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Analyzing the Marvel Cinematic Universe Villains

Time for a new feature on my blog. You’ve read my Analyzing the Disney Villains series. Now get ready for the Marvel Cinematic Universe villains.

I think villain analysis is important because one of the keys to a really resounding story is the obstacles that the hero has to go through. The harder the obstacles, the harder the hero has to work, and the more glorious their triumph is. We wouldn’t remember Luke Skywalker as anything but another sandy-haired all-loving hero if not for Darth Vader. We wouldn’t remember wide-eyed innocent Dorothy if not for the cackling Wicked Witch of the West. We wouldn’t remember Batman’s noble pursuit of justice and guardianship if not for the comical Joker’s efforts to undo that protection. Heroes are everywhere, but villains make a story sing.

And why not put the MCU under this microscope? Comic books are defined by their villains and heroes. They’ve got innate abilities that others don’t. That changes the status dynamic between them and, well, all of humanity. When you’re a demi-god, how do you use your gifts? Why do certain villains “work” and others don’t? (I’m looking at you M.O.D.O.K.)

This time the criteria will be a little different. A little fine-tuned and condensed. For one thing, if you’re talking MCU, you’re talking superhumans. Most Disney villains don’t have powers, but they have positions of authority, which kids can’t relate easily to given their lives are ruled by parents. In the MCU, the adults are on their own. They don’t answer to anyone but themselves. The true test of a person is what they do when no one is watching.

So what are we going to look at?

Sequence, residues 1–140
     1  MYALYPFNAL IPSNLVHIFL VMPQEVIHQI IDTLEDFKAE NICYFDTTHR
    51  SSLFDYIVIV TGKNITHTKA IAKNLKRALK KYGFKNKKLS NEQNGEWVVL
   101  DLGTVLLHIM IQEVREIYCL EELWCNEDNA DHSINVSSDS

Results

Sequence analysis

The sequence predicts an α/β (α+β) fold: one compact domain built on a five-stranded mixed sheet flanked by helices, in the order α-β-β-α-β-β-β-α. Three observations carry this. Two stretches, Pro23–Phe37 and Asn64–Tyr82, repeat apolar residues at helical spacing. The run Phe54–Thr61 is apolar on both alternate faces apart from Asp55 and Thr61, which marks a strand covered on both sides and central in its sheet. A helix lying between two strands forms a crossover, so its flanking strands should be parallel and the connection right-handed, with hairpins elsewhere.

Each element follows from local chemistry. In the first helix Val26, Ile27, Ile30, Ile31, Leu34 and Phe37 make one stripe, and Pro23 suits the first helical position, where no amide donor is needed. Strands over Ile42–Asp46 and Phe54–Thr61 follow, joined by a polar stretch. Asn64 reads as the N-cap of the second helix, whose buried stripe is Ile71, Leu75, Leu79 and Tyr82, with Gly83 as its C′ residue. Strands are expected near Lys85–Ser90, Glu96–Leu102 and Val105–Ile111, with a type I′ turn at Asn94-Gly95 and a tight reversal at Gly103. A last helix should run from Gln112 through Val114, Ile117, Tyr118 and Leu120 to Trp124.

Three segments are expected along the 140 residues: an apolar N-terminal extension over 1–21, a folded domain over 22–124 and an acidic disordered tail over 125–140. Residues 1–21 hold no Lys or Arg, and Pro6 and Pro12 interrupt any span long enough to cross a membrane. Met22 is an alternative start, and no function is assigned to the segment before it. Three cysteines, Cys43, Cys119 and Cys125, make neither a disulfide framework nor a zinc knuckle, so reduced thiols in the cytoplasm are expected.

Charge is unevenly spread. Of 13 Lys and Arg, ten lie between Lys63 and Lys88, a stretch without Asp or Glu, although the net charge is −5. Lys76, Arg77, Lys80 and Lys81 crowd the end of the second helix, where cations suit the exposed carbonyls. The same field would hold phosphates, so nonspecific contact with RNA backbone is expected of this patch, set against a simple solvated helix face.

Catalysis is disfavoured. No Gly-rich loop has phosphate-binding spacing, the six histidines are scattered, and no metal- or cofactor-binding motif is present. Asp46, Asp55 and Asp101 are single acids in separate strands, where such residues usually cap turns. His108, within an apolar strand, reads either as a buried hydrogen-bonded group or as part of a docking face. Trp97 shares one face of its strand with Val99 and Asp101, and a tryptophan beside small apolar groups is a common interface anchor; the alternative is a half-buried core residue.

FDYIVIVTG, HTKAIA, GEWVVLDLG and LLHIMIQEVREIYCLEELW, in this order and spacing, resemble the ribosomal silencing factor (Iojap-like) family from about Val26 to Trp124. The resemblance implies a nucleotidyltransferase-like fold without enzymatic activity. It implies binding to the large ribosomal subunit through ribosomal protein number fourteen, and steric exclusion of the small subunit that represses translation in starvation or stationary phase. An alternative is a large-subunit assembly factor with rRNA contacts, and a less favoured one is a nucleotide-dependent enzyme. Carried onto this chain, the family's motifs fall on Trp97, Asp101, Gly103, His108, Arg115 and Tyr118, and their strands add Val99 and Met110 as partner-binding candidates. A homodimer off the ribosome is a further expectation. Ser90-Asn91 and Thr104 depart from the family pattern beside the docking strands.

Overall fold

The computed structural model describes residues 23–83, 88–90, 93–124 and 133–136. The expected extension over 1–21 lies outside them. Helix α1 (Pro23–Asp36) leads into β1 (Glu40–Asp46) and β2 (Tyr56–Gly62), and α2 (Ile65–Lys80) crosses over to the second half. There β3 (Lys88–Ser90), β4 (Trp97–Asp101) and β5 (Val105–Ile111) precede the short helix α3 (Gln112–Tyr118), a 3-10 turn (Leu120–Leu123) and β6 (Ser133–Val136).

Characteristics and Powers: Superhuman powers are a fundamental part of this universe. They define the science fantasy genre. And the better the powers and abilities of a villain, the more the hero has to work to defeat them. We’ll also talk about personality traits, features, quirks, and other aspects of their character.

Relationship to the Hero(es): Just like in Disney, the stronger a hero’s relationship with the villain, the harder it is to defeat that villain (e.g. “I am your father”).

Goals/Motivation: What’s the master plan? Villains come in two flavors: defeat the hero (usually out of vengeance or jealousy) or gain power/control (usually over the world). This latter is weaker and doesn’t have much connection to a protagonist, but it can develop into one.

Relatability: One of the key measures to villain longevity is how much you sympathize with them. How much can you see yourself? All it takes is one bad day. Or maybe you just want to give in to your dark impulses or humiliate your rival. Hannibal Lecter, Draco Malfoy, Kylo Ren, Syndrome. Evil tastes good.

Fun Factor: And moreover, some villains are just good indulgent fun. The Joker immediately comes to mind, but also Hans Landa, Hades, the Sheriff of Nottingham, Simon Phoenix, Shao Kahn, the Terminator, Freddy Krueger. This connects “relatability” to “powers”, but they act synergistically to make this category.

Fatal Flaw: Same as before. Villains go toe-to-toe with the hero but one factor decides their fate. You know the drill. You all had a Shakespeare unit in high school. What is that x-factor that the hero has but the villain doesn’t (or vice versa). Something makes the difference that leads to their defeat.

Defeat: If you can go out in a blaze of glory, why not? As one famous villain said:

Eric Juneau is a software engineer and novelist on his lunch breaks. In 2016, his first novel, Merm-8, was published by eTreasures. He lives in, was born in, and refuses to leave, Minnesota. You can find him talking about movies, video games, and Disney princesses at http://www.ericjuneaubooks.com where he details his journey to become a capital A Author.

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